What does mindfulness have to do with trust? A few things and they’re really important. So, this month, our mindfulness goal is to keep an eye on our ability to trust.
Self-Doubt as a Barrier to Mindfulness
Do you trust that mindfulness will work for you? That it will help you live a life with more peace and gratitude? That you can stress less and feel more gratitude with mindfulness practice?
Here’s an uncomfortable truth: if you are having trouble maintaining a mindfulness practice, you probably don’t trust that it will do good things for you. Because mindfulness is an internal practice you are responsible for doing, that means you are dealing with self-doubt. You doubt you can do it.
Therefore, a lack of trust is keeping you from living the more mindful life you would like to have. That’s where we begin. Why do you doubt you can do it? Can you acknowledge that you are feeling self-doubt, and proceed mindfully anyway?
To build trust, give yourself a chance to do so! Take note of times when you lack trust in yourself and set out to improve that.
Mindfulness Helps Build Trust
Imagine you decide to spend the next hour of your day mindfully. In the first ten minutes, you get distracted and realize after a while that you are not being mindful.
Typically, you might say, “I’m not good at this,” or, “I can’t focus,” or, “This just isn’t working for me.” Instead, you could simply note that dealing with distractions and falling off course is part of mindfulness, meditation, and other like practices.
In other words, you are trusting the process, knowing that a lack of trust is normal at times.
From there, start looking for times when mindfulness helped prove you could trust – yourself as well as others. When you’re paying close attention, you’re more likely to notice when things work out.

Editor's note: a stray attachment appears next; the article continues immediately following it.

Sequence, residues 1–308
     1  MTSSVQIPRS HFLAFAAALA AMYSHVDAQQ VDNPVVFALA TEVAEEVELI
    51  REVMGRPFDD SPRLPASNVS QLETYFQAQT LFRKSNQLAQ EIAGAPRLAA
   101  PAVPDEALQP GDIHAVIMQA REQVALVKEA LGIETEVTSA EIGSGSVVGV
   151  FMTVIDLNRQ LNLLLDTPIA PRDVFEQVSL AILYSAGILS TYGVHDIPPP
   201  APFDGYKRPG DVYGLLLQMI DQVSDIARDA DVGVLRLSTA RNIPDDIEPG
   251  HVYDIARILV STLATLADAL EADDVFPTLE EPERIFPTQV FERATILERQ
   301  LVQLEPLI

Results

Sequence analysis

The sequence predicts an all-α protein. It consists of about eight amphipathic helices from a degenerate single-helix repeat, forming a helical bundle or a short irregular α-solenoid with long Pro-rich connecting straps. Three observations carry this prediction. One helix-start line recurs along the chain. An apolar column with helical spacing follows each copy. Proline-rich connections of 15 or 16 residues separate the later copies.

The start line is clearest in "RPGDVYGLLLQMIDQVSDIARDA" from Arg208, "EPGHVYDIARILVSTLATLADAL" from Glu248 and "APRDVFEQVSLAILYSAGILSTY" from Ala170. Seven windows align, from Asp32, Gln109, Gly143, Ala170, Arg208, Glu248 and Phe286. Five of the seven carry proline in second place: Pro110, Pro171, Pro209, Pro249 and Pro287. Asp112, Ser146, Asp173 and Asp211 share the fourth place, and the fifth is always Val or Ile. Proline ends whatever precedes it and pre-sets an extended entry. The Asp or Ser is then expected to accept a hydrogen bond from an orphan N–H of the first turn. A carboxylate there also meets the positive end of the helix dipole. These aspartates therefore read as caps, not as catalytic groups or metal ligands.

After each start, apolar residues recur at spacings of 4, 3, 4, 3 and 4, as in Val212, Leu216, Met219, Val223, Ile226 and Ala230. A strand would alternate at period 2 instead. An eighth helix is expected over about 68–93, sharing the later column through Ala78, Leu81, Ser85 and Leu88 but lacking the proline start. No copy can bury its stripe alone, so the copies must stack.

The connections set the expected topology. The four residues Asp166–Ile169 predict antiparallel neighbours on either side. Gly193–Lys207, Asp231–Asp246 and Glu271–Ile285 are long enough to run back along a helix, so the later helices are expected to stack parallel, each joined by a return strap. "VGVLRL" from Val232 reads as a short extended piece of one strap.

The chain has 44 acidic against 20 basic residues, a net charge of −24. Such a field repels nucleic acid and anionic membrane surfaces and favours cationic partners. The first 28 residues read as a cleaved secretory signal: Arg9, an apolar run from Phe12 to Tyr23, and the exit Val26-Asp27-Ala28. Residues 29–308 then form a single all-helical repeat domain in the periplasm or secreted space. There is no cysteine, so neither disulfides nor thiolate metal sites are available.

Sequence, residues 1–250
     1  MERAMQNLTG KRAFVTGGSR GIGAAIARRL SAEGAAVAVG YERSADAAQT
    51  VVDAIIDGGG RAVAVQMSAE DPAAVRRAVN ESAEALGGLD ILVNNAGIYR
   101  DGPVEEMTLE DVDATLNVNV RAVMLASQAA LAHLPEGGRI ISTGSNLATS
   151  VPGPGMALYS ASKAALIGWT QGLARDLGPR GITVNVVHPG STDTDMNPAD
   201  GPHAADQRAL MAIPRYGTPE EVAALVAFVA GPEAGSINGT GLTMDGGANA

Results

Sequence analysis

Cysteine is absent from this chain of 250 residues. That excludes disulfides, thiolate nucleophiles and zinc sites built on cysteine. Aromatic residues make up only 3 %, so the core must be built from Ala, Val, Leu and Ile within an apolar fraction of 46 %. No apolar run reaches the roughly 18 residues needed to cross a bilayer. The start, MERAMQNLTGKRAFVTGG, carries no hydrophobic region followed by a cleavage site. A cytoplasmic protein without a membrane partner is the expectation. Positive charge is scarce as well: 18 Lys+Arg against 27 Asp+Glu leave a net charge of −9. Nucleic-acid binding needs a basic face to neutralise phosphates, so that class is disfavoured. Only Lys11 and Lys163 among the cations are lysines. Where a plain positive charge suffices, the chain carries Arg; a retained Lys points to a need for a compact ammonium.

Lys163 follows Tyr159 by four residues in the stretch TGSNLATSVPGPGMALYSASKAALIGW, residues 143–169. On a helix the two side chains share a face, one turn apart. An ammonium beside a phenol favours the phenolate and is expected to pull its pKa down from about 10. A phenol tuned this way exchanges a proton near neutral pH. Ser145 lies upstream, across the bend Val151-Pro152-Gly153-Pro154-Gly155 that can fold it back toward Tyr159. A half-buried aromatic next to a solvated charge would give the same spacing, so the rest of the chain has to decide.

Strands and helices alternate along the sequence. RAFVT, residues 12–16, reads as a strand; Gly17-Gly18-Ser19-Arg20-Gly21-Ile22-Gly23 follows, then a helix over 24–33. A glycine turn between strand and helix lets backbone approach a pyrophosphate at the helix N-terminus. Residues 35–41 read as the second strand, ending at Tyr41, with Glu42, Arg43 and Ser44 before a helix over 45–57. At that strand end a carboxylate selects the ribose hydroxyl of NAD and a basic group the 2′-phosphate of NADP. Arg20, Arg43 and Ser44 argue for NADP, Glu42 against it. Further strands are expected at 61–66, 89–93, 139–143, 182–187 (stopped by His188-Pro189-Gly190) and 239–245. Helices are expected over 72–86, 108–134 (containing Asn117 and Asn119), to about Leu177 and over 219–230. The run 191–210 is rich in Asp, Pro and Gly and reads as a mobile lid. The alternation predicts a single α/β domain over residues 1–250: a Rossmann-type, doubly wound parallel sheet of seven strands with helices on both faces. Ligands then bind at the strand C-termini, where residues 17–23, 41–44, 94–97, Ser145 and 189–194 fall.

In normal instances, you might express frustration at a traffic jam or messed up café order. But when you’re mindful in these circumstances, you are able to appreciate how ultimately, traffic gets moving again, and orders can be fixed.
This is patience, certainly, but also trust. You can trust that many of life’s little problems will work out in the end.
Also, mindfulness calls forth our authentic voice, and that’s a voice we can trust. It’s not the reactive, anxious part of the brain that runs on fear or anger, but what we really think. The voice that reflects our values, personality traits, and goals. If that voice were allowed to be at least as loud as the negative one that says you just can’t do it, you’d be effectively fighting self-doubt.
So next time you’re doing your mindfulness or meditation practice, be sure to watch for those pockets of self-doubt. There’s an opportunity there to trust.
What do you think of trust in connection to mindfulness? Do you think mindfulness has or could improve your ability to trust? Let us know in the comments, as well what other mindfulness goals you’d like to set this month.